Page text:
Bees, surprised when flying over a mirror, inexorably lose altitude until they collide with the mirror. This has been demonstrated by an interdisciplinary team of French researchers from the Institut des sciences du mouvement - Etienne-Jules Marey (CNRS/Aix-Marseille Université) and the Centre d'écologie fonctionnelle et évolutive (CNRS / Université de Montpellier / IRD / EPHE).
How do bees adjust their altitude?
What prompted researchers to come up with such an original experiment? Just like an aviator flying by sight, bees use their vision to adjust their altitude. To do this, they exploit various variables available in the optical flux generated by their movement in the environment. One of these variables - the optical ground speed - depends on the altitude at which the bee is flying, and is used to control its altitude. The researchers then set out to manipulate this optical ground speed by cancelling it, in order to observe whether the bees could fly in this unlikely environmental configuration.
The bees are trained to fly in a tunnel, with sweet treats as a reward, and then various elements of the tunnel walls on the floor or ceiling are replaced by mirrors to make them believe that the ground is twice as low, or even projected infinitely downwards. Observing what happens, the result is clear: without this "speed of optical scrolling of the ground", the bees fall or bounce on the mirror, certainly in search of the ground.
An original experiment that's safe for bees
However, this optical configuration is not all that implausible. 60 years ago, Austrian entomologist Herbert Heran and German behaviorist Martin Lindauer trained bees to fly over a lake. When the surface of the lake or a plank bridge offered visual contrasts, the bees crossed the lake. Conversely, when the surface of the lake was mirror-smooth, the bees flew lower and lower until they came into contact with the surface of the water.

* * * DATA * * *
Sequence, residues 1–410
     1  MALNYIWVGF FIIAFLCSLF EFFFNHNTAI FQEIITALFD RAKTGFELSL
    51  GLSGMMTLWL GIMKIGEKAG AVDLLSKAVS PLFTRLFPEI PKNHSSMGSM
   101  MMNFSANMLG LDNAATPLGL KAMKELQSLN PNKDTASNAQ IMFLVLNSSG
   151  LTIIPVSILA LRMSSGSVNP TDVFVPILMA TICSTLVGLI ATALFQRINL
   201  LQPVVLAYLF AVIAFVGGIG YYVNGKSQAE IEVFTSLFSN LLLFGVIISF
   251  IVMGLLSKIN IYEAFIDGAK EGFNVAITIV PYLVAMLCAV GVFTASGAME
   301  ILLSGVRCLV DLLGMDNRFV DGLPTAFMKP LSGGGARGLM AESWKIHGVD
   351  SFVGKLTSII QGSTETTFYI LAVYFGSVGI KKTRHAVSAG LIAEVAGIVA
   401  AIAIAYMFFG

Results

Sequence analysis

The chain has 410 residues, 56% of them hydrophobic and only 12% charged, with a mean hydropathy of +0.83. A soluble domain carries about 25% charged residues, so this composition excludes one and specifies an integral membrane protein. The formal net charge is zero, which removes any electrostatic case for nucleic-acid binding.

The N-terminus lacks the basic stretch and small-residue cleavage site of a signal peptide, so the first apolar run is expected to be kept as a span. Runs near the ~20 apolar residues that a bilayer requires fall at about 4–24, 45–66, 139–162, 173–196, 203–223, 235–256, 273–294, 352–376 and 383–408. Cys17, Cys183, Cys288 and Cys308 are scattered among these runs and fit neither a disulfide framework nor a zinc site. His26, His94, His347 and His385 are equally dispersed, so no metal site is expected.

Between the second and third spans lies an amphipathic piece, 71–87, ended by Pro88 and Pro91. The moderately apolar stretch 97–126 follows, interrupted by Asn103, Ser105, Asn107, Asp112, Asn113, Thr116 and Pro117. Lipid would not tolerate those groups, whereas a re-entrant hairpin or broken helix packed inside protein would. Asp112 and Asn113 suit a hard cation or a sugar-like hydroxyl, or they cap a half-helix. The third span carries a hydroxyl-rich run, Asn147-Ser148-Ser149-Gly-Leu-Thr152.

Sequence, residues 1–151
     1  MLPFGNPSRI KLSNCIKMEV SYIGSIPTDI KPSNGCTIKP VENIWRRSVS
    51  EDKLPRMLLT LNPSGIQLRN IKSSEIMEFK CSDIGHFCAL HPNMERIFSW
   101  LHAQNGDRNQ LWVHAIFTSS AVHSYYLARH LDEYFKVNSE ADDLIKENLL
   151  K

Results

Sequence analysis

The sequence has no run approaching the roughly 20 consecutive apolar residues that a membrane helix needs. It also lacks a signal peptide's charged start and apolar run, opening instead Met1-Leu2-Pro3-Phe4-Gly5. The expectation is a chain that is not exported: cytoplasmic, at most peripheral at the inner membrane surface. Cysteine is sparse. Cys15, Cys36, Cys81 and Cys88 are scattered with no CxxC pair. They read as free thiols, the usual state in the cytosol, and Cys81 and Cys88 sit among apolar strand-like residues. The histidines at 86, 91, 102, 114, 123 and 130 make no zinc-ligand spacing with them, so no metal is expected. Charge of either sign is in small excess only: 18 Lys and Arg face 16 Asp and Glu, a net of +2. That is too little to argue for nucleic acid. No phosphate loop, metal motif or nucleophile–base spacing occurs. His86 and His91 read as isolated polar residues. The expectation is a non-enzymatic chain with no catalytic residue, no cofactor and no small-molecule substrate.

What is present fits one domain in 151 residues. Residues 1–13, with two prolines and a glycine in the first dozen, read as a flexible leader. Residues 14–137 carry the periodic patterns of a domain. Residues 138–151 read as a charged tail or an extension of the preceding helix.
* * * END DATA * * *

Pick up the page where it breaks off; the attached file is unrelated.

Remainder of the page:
The originality of this work lies in the design of controlled and manipulable optical configurations that best approximate the natural flight conditions of bees, without needing a lake or sacrificing bees to study altitude control. Julien Serres explains that we first need to be sure that we can defeat the bees' altitude control, then offer them other optical information, and then study their combination to describe altitude control.
Studying bees to help pilots
This ground-breaking, controlled experiment echoes the numerous accidents suffered by aviators and pilots who have difficulty perceiving the ground when it is no longer textured (desert dunes, snow, lake, etc.). The aim is to better understand how to combine different types of information to visually control altitude, with a view to developing pilot aids or flight automation. Finally, this study also provides surprising confirmation that the best way to escape a swarm of bees is still to dive into the water - but to avoid making too many waves!
Reference: Julien R. Serres, Antoine H.P. Morice, Constance Blary, Romain Miot, Gilles Montagne, Franck Ruffier. Floor and ceiling mirror configurations to study altitude control in honeybees. Biology Letters, March 2022.
Published in Biology Letters on March 23, 2022.